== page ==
Proposed Health Care Bill in Massachusetts Would Regulate Price Increases - Not Prices

The Massachusetts governor filed a wide-ranging bill  last week which would further regulate the small group and individual insurance market in the state, while encouraging selective networks and reducing state mandates. Health care provisions represent 6 1/2 pages of the bill, which is entitled  “An Act Providing for Job Creation by Small Businesses.”

The proposed legislation doesn’t regulate prices – it regulates price increases by both health plans and providers.  Therefore, this bill would likely prolong the current situation, where different provider networks are paid vastly different sums for the same care.  The bill will not address the problems outlined in the Attorney General’s report on pricing in the commonwealth.  

One interesting provision would mandate that small group plans offer narrow network plans with lower premiums.  This could substantially increase competition, since health plans currently lack leverage to press for lower prices as long as every health plan must include all providers. However, the bill only requires these narrow networks for individual and small business accounts, although they could be made available to other health plan clients.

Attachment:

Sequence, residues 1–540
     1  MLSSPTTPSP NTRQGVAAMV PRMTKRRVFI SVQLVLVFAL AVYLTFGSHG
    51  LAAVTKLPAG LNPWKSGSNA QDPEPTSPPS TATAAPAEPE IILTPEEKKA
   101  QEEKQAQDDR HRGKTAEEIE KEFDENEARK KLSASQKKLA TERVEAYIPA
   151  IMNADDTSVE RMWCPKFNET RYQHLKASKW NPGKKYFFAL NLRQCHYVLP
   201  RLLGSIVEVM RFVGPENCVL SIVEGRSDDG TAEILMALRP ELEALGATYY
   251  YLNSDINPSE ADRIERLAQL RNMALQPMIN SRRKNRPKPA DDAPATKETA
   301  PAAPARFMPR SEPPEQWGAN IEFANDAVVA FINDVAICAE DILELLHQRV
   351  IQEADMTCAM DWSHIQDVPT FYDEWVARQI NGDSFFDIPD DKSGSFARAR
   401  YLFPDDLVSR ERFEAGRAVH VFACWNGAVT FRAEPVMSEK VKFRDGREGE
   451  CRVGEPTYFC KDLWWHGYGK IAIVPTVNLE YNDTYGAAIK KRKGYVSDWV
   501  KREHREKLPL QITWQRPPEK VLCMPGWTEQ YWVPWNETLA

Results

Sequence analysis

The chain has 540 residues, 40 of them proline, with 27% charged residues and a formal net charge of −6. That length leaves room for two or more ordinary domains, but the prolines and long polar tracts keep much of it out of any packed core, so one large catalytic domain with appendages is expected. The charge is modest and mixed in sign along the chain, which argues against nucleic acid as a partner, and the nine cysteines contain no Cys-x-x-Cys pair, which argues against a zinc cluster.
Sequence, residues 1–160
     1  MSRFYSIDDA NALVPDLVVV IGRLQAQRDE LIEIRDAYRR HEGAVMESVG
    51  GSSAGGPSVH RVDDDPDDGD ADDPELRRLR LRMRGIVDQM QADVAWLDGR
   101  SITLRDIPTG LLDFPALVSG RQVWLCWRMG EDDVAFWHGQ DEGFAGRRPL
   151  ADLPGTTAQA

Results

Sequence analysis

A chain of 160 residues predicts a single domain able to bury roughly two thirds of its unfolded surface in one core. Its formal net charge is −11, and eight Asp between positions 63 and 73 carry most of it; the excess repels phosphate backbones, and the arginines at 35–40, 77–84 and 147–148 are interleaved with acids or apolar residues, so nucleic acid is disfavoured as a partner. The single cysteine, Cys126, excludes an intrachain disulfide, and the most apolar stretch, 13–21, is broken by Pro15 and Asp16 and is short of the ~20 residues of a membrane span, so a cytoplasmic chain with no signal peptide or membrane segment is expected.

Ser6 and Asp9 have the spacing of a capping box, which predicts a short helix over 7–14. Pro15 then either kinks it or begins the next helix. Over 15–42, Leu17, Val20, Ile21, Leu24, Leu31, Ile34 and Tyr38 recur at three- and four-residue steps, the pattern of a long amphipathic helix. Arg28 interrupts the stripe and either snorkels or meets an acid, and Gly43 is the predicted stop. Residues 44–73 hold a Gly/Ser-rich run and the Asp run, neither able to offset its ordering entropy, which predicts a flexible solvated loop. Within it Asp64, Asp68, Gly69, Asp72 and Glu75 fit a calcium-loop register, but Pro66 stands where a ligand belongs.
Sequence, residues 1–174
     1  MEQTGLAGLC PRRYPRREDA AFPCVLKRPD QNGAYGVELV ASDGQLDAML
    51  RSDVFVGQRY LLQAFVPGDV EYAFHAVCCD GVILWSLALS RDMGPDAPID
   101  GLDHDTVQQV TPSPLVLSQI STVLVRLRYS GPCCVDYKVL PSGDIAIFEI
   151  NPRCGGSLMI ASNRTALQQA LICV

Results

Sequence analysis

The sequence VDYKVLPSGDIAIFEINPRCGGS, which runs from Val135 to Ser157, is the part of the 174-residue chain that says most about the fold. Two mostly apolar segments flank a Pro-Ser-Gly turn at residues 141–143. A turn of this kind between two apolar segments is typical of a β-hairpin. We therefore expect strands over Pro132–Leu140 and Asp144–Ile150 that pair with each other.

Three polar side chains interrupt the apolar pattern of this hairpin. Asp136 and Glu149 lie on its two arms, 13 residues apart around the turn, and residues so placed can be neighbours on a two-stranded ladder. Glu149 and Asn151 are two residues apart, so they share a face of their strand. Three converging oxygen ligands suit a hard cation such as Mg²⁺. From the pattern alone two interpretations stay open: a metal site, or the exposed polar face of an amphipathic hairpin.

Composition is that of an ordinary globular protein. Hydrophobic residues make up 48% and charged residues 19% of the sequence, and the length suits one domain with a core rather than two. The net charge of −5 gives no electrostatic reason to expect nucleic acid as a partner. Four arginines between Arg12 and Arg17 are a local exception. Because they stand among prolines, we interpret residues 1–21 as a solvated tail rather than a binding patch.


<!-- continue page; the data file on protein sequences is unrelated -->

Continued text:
The bill also extends a moratorium on new mandates and gives plans for individuals and small businesses a very narrow window to ignore current state mandates. 

Overall – this bill might give the state a bully pulpit to discourage increased prices from providers and health plans.  It will not address large price disparities, and is not likely to substantially lower overall health care costs.  The state legislature is generally unlikely to pass the health care elements of this proposed bill without substantial revisions.